• The mobile website needs to be WAP friendly, because most of the wireless mobile handsets use WAP technology to browse.

• Mobiles allow limited screen size, so the website layout should be CSS based using tables to enhance visibility, because WAP has the similar approach like normal search engines.

• All mobile website designs need to be coded by using XTHML or XML, and the character coding should be UTF-8.

• The largest screen size available in mobile sets is 640 x 480 and 120 pixel is the average size, which should be kept in mind while creating a mobile website design.

• Another important thing to consider is that most of the mobile phones don’t have a back button, so this is the job of the mobile website designer to provide a back button or link on the website.

Rest of the features like jpeg image format and animation gifs are placed as similar to the ordinary websites. The mobile internet market is hot and this is the right time to take its advantage, so make a swift step towards creating your own mobile website design.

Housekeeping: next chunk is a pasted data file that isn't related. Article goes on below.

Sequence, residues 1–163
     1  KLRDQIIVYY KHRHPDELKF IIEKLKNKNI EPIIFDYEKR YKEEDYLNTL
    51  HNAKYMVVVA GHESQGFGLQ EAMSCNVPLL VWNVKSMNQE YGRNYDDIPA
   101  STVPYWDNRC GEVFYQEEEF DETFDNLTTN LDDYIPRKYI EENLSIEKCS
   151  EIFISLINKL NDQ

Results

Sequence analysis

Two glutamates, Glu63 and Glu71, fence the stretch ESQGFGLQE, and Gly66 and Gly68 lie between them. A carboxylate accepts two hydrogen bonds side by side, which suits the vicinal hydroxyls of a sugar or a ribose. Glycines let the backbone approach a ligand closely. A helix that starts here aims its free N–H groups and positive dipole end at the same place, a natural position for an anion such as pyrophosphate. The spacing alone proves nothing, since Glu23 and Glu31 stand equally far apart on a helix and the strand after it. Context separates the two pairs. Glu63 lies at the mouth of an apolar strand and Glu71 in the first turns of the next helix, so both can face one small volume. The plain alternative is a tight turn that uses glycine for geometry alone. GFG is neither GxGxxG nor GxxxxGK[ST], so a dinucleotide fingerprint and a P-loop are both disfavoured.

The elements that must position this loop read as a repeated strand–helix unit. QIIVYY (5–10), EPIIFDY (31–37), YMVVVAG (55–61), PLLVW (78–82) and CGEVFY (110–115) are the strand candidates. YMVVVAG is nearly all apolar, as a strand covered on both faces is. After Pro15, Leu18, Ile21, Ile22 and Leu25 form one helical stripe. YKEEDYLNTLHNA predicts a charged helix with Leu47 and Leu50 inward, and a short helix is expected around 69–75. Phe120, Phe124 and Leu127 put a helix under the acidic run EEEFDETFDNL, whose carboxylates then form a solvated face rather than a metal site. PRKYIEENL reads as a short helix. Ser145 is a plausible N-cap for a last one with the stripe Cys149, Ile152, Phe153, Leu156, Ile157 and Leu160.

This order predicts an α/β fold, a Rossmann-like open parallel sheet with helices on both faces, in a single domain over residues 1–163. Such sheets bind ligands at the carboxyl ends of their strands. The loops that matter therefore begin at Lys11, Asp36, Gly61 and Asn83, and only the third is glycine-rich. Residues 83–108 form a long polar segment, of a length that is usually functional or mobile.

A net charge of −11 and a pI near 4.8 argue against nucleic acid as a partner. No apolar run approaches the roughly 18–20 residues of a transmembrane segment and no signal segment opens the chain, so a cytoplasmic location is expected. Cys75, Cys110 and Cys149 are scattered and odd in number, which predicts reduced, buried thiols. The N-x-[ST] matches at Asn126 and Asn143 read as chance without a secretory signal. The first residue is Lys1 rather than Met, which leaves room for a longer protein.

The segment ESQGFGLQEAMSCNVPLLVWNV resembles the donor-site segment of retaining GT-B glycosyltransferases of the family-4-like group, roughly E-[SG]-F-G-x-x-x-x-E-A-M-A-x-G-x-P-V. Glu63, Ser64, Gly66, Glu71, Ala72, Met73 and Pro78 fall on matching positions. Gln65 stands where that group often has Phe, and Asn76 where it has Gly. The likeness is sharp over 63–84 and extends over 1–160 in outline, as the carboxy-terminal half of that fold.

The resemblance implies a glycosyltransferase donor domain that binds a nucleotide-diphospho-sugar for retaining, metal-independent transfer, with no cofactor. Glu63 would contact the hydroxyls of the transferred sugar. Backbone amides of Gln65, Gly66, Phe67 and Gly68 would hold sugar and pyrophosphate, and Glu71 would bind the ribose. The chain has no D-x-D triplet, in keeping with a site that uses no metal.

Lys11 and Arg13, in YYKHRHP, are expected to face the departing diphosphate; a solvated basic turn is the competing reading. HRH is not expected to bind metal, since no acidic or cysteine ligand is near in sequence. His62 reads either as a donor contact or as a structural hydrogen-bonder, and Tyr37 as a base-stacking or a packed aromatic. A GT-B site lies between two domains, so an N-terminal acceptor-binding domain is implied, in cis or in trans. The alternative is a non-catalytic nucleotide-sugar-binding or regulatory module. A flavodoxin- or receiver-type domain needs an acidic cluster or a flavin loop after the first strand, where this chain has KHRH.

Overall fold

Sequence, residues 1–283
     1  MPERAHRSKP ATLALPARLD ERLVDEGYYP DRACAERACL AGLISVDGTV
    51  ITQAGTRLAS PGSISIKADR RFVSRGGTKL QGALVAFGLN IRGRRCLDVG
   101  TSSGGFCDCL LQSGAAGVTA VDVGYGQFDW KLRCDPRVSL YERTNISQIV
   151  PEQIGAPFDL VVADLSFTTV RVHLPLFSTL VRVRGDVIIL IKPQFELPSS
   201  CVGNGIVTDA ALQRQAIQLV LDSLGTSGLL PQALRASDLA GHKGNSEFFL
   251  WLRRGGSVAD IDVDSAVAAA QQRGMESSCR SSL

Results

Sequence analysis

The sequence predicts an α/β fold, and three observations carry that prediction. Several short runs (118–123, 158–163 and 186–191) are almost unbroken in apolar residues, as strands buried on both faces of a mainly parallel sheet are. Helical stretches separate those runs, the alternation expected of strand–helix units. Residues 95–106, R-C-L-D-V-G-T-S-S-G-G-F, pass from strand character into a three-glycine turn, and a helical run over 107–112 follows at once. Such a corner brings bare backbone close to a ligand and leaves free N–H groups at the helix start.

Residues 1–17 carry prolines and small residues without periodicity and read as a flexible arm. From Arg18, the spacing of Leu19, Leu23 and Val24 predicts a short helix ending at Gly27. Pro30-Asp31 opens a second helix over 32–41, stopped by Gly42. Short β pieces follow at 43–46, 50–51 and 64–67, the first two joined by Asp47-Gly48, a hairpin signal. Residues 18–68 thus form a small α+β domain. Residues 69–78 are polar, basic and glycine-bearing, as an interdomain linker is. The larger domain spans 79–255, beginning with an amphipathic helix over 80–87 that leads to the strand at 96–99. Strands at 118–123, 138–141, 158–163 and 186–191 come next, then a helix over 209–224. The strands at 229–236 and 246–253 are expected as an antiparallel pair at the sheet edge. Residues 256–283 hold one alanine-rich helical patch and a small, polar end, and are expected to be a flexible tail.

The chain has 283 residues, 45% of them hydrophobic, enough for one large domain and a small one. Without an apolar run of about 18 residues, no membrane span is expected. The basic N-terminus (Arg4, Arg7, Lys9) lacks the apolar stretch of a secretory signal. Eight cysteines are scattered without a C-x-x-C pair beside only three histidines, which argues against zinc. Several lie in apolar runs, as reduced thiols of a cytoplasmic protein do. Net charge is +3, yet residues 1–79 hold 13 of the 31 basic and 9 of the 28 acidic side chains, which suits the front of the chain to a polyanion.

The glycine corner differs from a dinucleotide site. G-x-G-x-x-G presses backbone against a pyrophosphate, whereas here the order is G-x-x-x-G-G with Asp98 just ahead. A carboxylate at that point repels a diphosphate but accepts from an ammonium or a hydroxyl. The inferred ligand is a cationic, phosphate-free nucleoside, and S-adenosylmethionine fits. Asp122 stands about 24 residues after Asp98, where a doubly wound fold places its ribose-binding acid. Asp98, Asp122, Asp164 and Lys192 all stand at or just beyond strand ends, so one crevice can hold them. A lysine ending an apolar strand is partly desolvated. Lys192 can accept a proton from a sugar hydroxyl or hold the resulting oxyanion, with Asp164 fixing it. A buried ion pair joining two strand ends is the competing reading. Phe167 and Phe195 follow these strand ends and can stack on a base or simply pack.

About the Author

Professional writer

Print Publishers to Bank on Next-Generation Web Applications for Success in Mobile Devices

Newspapers, magazines and book publishers worldwide have been actively addressing the shift in readership towards digital platforms, in particular mobile devices, but have been grappling with fundamental issues in creating sustainable revenue models and content delivery formats. What is the most efficient approach to reach maximum audiences over mobile devices? How can publishers best monetize content delivered over mobile devices?